Beware: Unexpected checks could be scams

Kristi Cutts, Guest author

Have you ever received an unexpected check in the mail?

While your first thought may be to celebrate this surprise – think twice about that check. It could be a scam.

Mallory Knight / Advance-Titan

I recently worked with a UW Oshkosh college student who fell prey to an active fake check scam here on campus. He was sent a check for $1,500, which he placed in his account via mobile deposit. As soon as the funds were available, he sent some of the money back to the scammer. If it were not for a lock we placed on his account, this student could have been out the full $1,500 – because, of course, the check he was sent was no good.

Bad check scams are an attempt to steal money by asking for a portion of what victims may otherwise view as a gift. The scam takes advantage of a law that requires institutions to make funds available quickly. As soon as those funds are available in an account, the institution may say that the check has “cleared,” but that does not always mean that the check is good. In fact, fake checks can take weeks to be discovered, according to the Federal Trade Commission. By then, the scammer has already gotten away with the victim’s money, leaving the victim holding the bag.

Scammers often prey on college students, who they see as uninformed on issues related to finances. Here are three situations that should put you on high alert.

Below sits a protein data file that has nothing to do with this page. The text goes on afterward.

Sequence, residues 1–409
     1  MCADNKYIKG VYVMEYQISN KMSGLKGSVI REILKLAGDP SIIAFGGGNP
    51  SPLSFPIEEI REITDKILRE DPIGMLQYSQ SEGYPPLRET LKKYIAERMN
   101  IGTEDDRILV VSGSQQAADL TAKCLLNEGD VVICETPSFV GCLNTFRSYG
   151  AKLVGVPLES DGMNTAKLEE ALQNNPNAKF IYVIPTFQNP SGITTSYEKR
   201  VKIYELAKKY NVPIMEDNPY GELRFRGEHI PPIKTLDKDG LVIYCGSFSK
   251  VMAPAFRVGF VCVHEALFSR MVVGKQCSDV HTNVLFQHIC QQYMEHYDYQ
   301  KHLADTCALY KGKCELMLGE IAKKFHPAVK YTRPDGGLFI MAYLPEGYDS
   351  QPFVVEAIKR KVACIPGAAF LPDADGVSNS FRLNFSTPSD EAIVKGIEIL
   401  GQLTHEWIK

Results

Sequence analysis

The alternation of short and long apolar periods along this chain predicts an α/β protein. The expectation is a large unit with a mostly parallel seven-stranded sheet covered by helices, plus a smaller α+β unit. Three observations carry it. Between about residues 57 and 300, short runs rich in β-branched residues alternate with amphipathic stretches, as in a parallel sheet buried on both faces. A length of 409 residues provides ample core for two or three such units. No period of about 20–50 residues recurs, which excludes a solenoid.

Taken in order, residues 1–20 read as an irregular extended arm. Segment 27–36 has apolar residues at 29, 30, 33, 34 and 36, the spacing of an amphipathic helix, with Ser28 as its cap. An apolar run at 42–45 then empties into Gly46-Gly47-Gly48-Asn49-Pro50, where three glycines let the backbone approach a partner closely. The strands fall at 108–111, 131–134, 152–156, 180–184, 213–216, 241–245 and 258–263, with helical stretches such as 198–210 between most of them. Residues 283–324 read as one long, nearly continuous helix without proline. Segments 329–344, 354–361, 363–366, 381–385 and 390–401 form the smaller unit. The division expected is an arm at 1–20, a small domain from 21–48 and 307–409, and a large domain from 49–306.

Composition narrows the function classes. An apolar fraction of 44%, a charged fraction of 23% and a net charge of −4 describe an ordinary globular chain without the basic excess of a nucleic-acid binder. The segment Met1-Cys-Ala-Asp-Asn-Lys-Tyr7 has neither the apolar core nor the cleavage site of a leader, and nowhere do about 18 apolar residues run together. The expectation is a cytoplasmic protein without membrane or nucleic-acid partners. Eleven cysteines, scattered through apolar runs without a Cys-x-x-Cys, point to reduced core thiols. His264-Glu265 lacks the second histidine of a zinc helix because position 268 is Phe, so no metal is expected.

1) Someone you do not know wants to send you money. If anyone reaches out to you on social media wanting to send you money, or requests your personal information, that is a red flag.

2) Someone asks for money. Sometimes scammers will try to scare victims by posing as an authority figure, such as a government official. If anyone directly asks for money in exchange for solving a problem, that should give you pause.
3) Someone needs access to your account. If anybody contacts you claiming to represent a financial institution and wants access to your account, it is almost always a scam.

UW Credit Union will never call you to ask for a security code that you received via text message. When in doubt, hang up and call us directly at 800-533-6773.

Note: Financial Corner is a direct response to student requests for more information on navigating money matters. The tips are provided by Kristi Cutts, branch manager of UW Credit Union’s UW Oshkosh branch.